Monday, April 25, 2011
Scranton Union Makes Case for Right to Work
The Fraternal Order of Police (FOP) is a public-sector union. That means they represent unionized workers that get paid with taxpayer dollars to perform a function of government.
Lots of folks think the FOP is simply an advocacy group for law enforcement professionals. They don't realize that while they do advocate for law enforcement, they also represent the collective bargaining unit for most unionized police officers.
In Scranton, the local FOP has been at war with Democratic Mayor Chris Doherty pretty much since Doherty was elected. That war has once again pushed aside reason and commons sense.
Presently, the FOP is disputing the arrest powers of Scranton's Police Chief. The Chief, who is not a member of the FOP union, made an arrest in a drug case. In the past, the FOP apparently was able to require that management (Chief) also be a member of their union. This was contested in court and the FOP lost.
The FOP, still apparently smarting from that loss, has filed a complaint based on the Chief actually arresting an alleged criminal. It appears that the contract that the FOP operates under requires that all law enforcement in the city belong to their union. Apparently a badge in Scranton has no authority unless it is accompanied by a union dues card.
Public pressure was brought to bear on the union and its brass for this complaint and they seemed to be relenting but now seem to have been emboldened. They are apparently content to just battle it out in the courts.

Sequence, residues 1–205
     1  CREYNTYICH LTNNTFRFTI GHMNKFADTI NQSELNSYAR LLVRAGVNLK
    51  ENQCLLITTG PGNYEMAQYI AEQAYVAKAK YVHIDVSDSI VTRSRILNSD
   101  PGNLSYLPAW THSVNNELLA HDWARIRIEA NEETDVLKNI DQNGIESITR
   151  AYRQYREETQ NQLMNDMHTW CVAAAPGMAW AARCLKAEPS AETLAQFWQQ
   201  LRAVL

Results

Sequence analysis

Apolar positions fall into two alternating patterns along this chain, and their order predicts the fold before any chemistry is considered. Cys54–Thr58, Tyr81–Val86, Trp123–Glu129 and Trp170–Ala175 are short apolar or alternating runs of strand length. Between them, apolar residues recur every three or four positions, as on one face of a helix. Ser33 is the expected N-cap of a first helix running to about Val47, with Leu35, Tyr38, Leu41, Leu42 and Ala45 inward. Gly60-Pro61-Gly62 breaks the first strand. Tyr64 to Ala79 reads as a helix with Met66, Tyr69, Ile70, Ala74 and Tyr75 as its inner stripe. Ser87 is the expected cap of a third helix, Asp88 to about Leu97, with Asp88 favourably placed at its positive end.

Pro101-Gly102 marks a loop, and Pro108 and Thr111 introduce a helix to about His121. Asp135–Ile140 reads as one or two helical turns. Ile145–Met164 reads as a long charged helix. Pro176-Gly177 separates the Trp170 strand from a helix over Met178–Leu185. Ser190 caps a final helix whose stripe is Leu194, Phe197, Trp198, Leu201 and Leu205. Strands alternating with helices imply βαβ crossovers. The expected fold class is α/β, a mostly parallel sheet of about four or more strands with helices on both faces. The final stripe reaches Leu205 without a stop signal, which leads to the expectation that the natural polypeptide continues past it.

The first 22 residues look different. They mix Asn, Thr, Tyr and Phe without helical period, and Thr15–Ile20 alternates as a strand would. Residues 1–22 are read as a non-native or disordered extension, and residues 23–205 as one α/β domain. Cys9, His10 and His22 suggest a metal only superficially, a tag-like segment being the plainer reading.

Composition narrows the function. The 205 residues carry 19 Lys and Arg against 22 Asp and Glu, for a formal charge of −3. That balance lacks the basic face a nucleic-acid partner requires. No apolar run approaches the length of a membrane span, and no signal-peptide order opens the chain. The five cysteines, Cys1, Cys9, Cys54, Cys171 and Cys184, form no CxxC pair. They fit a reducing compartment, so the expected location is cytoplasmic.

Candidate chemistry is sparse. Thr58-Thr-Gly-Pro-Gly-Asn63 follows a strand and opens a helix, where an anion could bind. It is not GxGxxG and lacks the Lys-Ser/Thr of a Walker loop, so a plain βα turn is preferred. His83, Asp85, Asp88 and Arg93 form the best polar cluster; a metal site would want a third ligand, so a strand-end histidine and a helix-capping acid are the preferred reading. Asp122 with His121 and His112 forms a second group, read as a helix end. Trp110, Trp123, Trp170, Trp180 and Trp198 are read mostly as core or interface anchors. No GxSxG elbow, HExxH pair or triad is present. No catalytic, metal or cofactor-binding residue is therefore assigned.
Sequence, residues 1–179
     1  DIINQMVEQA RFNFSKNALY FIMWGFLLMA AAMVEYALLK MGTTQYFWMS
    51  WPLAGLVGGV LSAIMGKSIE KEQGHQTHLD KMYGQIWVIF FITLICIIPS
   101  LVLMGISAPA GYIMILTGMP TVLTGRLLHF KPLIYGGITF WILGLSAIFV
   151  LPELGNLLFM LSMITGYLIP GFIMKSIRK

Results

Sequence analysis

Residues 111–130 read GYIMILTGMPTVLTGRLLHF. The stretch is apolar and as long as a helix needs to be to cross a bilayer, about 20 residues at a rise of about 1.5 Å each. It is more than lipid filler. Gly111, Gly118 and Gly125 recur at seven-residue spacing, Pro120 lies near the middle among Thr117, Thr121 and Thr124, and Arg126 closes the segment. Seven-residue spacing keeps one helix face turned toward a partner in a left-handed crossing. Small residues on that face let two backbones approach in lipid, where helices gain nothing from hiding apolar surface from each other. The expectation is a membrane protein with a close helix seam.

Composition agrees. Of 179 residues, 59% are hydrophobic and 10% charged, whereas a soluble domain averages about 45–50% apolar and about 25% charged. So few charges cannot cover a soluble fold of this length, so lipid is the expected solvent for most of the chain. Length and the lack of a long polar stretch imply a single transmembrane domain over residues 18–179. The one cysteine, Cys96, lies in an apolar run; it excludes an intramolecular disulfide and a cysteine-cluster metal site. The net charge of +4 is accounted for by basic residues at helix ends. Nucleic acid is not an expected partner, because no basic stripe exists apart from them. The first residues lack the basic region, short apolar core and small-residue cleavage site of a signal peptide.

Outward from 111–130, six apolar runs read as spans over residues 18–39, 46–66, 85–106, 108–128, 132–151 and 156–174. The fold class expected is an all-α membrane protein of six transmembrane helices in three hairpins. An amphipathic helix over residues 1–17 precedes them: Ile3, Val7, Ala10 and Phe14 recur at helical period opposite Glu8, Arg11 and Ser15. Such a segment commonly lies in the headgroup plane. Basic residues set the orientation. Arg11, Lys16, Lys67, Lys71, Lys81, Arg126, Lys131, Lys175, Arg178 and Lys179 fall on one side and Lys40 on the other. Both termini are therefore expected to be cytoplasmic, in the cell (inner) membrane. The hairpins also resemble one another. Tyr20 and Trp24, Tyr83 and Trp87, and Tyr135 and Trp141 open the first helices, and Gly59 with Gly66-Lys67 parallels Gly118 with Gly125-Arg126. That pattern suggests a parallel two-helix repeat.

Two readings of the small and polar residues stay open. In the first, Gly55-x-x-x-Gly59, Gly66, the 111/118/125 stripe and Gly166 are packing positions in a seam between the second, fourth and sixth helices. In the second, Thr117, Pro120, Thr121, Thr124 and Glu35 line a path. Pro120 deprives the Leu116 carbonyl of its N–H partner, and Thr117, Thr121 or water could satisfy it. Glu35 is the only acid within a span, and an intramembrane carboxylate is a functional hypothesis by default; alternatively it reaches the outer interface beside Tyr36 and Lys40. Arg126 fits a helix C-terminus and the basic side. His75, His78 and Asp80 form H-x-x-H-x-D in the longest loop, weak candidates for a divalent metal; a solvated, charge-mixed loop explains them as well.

One could certainly ask what idiotic Scranton Mayor ever signed a contract with provisions like that but that would be unfair and a little ignorant of the facts. You see, Pennsylvania is a state that has legislatively approved discrimination in limited circumstances.
While you can no longer advertise for "help wanted" based on race or ethnicity as was done in the past, you can discriminate based on private memberships as it relates to unions. You can absolutely require an employee belong to a union in order to get or keep a job or perform a job...particularly in the public sector.
The freedom to associate is the right of everyone. Forced association is discrimination and should be prohibited. Presently, there is an effort in Pennsylvania to join 22 other states in banning this discrimination.
As demonstrated by this case in Scranton, Right to Work legislation is desperately needed to restore both the rights of the workers as well as to restore some degree of sanity to public sector employment.
Without it, individuals in Pennsylvania will continue to be deprived of their basic freedom of choice to decide which organizations they want to belong to and which private organizations they want to support financially.